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The Chaplin Collection (Warner and M2K): reactions?

Discussion in 'DVD' started by Bill Burns, Jun 29, 2003.

  1. Bill Burns

    Bill Burns Well-Known Member

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    The set streets tomorrow (I plan to pick up The Gold Rush), and the reviews begin with a DVDFile post on the entire set:

    http://www.dvdfile.com/software/revi...ollection.html

    It isn't as useful as I'd like, because the writer seems unaware of Image's excellent (and now out of print) editions of all these titles (none of which fit his description of "bargain bin cheapies ... with poor transfers" by a long shot). I can tell ya' that Image's edition of The Gold Rush didn't include the silent version, and the sound version didn't seem quite up to par with the CAV laserdisc I own of the title (though I've never directly A/B'd them), so I'm repurchasing that title, but if picture and sound elements are equivalent ... upgrades for those of us who own the Image's might be a tough sell. The HTF review of Modern Times suggests a gain is to be seen in image quality, though ... so perhaps it'll prove worthwhile to upgrade all of them? DVDFile's mention of "grime" suggests the films haven't been restored with the level of digital precision seen in Lowry's technology, but that's strictly presumption (and perhaps we shouldn't read too much into that review, given the author's unfamiliarity with the Image editions, which of course must be compared to these new discs to determine how much WB and M2K have really done to improve on what the Chaplin estate provided), as I haven't seen any of the new discs yet (but I own all of the Image discs, of which only a handful of the features -- The Circus, A Woman of Paris, Modern Times, The Gold Rush, and possibly Limelight and A King in New York -- looked as though image clarity and/or contrast might be notably improved with additional restoration ... but I should say that none of them "sparkle" in the manner of the nitrate print of The Iron Mask used for Brownlow's restoration of that film -- my CAV of The Gold Rush nearly does, however -- so perhaps these pictures could be restored to better capture some of that nitrate glow? It's all speculation, but the better the quality of the transfer, the happier this Chaplin fan; David Shepard's Image transfers are, as a whole, excellent, so Warner's has something to prove in reissuing all of them without any sort of rebate promotion for owners of the earlier discs, particularly given that many stores, such as Borders, continue to carry some of the long OOP Images).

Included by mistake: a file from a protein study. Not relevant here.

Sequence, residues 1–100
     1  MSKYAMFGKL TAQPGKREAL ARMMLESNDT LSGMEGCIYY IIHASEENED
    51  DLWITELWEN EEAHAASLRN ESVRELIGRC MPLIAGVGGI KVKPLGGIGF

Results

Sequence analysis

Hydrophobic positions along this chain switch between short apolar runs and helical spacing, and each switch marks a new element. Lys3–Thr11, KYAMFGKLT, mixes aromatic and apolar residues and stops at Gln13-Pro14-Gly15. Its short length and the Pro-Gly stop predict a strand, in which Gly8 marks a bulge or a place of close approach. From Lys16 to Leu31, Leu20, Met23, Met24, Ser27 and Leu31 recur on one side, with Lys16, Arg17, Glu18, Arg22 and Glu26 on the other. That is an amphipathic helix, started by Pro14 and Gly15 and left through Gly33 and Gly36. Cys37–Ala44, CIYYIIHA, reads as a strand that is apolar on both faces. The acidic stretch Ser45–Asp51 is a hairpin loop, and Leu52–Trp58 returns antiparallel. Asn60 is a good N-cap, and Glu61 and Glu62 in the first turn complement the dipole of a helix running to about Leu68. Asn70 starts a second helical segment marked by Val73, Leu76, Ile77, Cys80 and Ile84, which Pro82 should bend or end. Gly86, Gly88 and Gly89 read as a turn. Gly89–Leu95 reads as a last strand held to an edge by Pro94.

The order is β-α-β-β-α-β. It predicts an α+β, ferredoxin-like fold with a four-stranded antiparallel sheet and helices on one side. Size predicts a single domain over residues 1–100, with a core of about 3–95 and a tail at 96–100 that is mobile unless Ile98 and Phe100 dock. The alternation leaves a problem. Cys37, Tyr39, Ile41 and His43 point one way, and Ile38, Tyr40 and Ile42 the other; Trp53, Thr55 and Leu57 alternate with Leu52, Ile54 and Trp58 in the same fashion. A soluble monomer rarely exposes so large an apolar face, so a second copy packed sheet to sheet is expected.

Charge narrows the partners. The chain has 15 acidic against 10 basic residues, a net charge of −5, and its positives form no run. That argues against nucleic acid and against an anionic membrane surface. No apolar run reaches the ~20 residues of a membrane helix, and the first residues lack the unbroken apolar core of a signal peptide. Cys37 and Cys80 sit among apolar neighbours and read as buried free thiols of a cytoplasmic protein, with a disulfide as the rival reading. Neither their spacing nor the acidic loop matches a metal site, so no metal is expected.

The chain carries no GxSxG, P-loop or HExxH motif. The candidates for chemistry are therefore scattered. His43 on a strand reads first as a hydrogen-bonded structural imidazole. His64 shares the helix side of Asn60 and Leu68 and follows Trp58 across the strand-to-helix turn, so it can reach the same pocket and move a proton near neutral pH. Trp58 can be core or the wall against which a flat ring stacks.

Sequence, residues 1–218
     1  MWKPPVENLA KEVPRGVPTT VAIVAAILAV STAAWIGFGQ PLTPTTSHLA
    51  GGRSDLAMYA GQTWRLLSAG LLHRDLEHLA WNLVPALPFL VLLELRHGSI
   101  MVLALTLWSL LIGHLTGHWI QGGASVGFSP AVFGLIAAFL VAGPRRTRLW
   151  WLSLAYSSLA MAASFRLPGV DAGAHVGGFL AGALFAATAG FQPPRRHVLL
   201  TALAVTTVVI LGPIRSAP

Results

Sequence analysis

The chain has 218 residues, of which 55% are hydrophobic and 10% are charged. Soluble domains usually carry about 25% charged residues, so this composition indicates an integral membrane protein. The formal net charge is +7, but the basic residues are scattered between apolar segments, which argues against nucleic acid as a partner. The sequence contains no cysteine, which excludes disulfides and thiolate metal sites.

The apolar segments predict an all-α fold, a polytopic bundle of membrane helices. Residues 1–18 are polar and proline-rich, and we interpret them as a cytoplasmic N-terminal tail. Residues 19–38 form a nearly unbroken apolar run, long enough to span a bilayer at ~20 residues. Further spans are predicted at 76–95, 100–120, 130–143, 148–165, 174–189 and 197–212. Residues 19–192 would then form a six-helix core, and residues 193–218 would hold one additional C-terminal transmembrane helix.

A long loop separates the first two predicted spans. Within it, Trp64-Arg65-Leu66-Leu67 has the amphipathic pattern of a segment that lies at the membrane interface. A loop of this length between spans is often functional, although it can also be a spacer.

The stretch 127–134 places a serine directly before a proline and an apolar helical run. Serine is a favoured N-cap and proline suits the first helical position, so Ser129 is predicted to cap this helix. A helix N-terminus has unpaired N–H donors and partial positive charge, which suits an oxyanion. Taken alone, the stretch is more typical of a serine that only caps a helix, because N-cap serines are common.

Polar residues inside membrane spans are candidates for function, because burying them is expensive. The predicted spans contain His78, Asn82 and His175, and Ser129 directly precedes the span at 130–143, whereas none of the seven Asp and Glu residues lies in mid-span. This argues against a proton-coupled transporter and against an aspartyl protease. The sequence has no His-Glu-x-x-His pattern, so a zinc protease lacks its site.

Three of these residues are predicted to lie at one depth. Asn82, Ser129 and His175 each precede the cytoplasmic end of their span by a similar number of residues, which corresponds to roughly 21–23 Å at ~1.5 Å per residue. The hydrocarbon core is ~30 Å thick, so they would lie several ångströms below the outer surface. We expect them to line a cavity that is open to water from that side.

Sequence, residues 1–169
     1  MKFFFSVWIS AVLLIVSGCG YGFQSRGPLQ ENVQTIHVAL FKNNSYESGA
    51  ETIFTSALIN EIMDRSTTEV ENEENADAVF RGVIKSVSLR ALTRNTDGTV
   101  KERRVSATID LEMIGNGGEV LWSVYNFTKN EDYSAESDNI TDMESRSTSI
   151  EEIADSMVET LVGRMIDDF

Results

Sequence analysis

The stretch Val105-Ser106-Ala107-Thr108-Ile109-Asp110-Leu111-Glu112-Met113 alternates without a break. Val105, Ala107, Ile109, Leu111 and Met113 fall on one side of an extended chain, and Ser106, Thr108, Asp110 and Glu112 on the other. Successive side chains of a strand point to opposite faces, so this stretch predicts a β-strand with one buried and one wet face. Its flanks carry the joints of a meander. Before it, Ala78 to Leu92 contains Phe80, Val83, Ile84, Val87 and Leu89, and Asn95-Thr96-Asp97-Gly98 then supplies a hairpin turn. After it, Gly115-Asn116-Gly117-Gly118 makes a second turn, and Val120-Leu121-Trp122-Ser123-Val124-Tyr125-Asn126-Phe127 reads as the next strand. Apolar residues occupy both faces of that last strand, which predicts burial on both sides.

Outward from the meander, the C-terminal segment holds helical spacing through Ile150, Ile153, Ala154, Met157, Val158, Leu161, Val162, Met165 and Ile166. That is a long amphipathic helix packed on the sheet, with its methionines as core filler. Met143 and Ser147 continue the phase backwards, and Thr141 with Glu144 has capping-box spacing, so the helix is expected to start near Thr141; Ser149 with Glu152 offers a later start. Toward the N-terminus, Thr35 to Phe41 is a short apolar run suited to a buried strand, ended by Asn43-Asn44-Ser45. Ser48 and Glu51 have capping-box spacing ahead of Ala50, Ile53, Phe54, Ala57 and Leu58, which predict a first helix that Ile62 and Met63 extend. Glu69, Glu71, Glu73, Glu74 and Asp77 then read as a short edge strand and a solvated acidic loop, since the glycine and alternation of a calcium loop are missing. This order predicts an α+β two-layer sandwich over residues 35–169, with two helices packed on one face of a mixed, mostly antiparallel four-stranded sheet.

I hope these new discs prove stellar, and I look forward to reading further thoughts and reviews. [​IMG] I also continue to hope Shepard or others find a way to further restore and revisit the Chaplin Mutuals (Mr. Shepard has said the film elements have deteriorated still further since he created the video masters for the current editions, but surely something might still be accomplished digitally, with the proper financing, to restore these to film and then improve them on home video?), which don't look as good as I'd like alongside even the (Shepard restored) Essanays.

    I'll try to offer a few reactions to The Gold Rush* when I have a chance to view it. If HTF plans full, official reviews of each of the new WB discs, please ignore or close this thread. And just to be clear: I congratulate Warners on issuing these titles with such exhaustive supplementation and (new?) transfers, and they are most welcome in these new editions, but I hope specific detail about how they've been improved, if they have, is forthcoming. [​IMG]